“You Don’t Talk When Elders are Talking”: Exploring Power Distance in Nigerian Society

You Don't Talk When Elders are Talking. Exploring Power Distance in Nigerian Society

I first learned about the concept of power distance when I read Malcolm Gladwell’s Outliers. According to Hofstede Insights, power distance is “the extent to which the less powerful members of institutions and organisations within a country expect and accept that power is distributed unequally”. Social psychologist Geert Hofstede developed a way of measuring power distance and comparing them across different countries. This measurement is referred to as the power distance index (PDI). Societies with a high PDI generally accept that power is concentrated among those at the top of the social hierarchy, while societies with a low PDI feel that power should be more equally distributed.

The PDI of Nigeria is estimated to be 80. This is particularly high, when compared with other countries such as the USA with 40 and the UK with 35. The high power distance in Nigerian society means that those at the bottom of the social hierarchy generally accept that power is concentrated among the elite. This also has an impact on behaviours, as the less powerful are quite deferential to the more powerful.

In my analysis, the level of power one has in Nigeria is determined by at least three factors: wealth, age, and job title. If you’re wealthy, you automatically have power in Nigeria. Apart from the fact that you can use your wealth to get almost anything you want, people also give you a certain level of respect just because of your wealth. In the same way, older people are pretty much revered and respected by younger ones in Nigerian society, regardless of their wealth or job title. Similarly, the type of work that you do can automatically earn you power in Nigeria. If you are a senior political appointee, like the Special Assistant to a Governor, or the Chief of Staff to the President, people look at you with a certain level of respect, regardless of the amount of money you have. It works at lower levels too. If you work as a corporate staff in an organisation, people who work as cleaners, drivers, and security guards are likely to treat you with respect and even call you ‘Ma’ or ‘Sir’ whether or not you are older than them. Even as a student in the Nigerian Law School, the lady that sells bole to me always calls me ‘Aunty’ or ‘Ma’, even though she is much older than me. Needless to say, it makes me feel very uncomfortable.

I experienced the difference between power distance in Nigeria and in the UK when I first started working as a Casework Assistant during my university days in the UK. On my first day, my supervisor was going to make tea for herself and asked me if I wanted her to make any for me. I was surprised because this was a woman who was older than me, receiving a lot more income than me as a student, and directly superior to me at work. Based on Nigerian standards, the power distance was high, and I felt like if anything, I should have been the one to make tea for her. Long story short, I politely declined the offer because even though I would have actually liked tea, the Nigerian in me would not allow me let my boss make tea for me.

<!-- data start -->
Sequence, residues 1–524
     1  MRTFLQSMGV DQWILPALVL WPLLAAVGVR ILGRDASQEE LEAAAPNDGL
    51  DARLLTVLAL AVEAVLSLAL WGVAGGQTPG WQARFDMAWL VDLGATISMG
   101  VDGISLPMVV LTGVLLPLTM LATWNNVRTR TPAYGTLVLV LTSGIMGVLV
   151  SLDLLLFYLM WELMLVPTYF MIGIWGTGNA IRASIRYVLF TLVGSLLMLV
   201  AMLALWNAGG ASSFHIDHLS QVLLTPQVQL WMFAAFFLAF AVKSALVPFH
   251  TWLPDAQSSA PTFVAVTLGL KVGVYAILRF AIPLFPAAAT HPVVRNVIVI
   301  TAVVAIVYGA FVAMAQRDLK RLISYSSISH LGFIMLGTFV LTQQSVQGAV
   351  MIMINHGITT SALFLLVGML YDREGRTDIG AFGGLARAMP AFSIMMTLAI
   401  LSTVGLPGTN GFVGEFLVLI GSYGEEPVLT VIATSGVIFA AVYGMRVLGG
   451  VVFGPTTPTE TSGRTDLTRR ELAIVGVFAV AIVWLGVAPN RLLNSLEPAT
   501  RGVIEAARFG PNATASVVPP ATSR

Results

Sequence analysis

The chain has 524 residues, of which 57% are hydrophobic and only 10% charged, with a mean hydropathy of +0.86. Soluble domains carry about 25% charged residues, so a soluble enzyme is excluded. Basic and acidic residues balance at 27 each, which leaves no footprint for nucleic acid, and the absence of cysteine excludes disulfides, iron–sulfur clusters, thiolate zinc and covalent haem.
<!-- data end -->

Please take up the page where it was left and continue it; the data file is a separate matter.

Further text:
This story is just an illustration to show how the three factors of wealth, job title, and age might sometimes intersect and contribute to power distance. In the rest of this blog post, I will focus on age, but I might talk about some of the other factors in a future post.*

There is an old Nigerian proverb that says:

What an elder sees sitting down, a child cannot see it even if they climb the highest Iroko tree.

This proverb essentially shows why the elderly are so revered in Nigerian society. They are believed to be wiser than the younger ones, and should therefore be respected as such. If you walk past an elder and don’t say ‘Good morning’, you’re rude. You must refer to every elder as ‘Aunty’ and ‘Uncle’, ‘Ma’ and ‘Sir’, or if they’re really old, ‘Mummy’ and ‘Daddy’.

Now, I don’t have a problem with us showing respect to older ones in this way. What I do have a problem with is that the high power distance in Nigeria has led to older people looking down on younger ones. A common saying is “you don’t talk when elders are talking”. The result is that within many families, the views and opinions of the younger ones do not count. In the public sector, young people are marginalised: less than 1% of those in elective offices in Nigeria are youth. In private employment, young people are also largely excluded: many employers in Nigeria will state clearly that you must have worked in that field for a fixed number of years before they will even consider your application. It’s a running joke that how would you ever gain any experience if all the employers require you to have experience in that field before hiring you?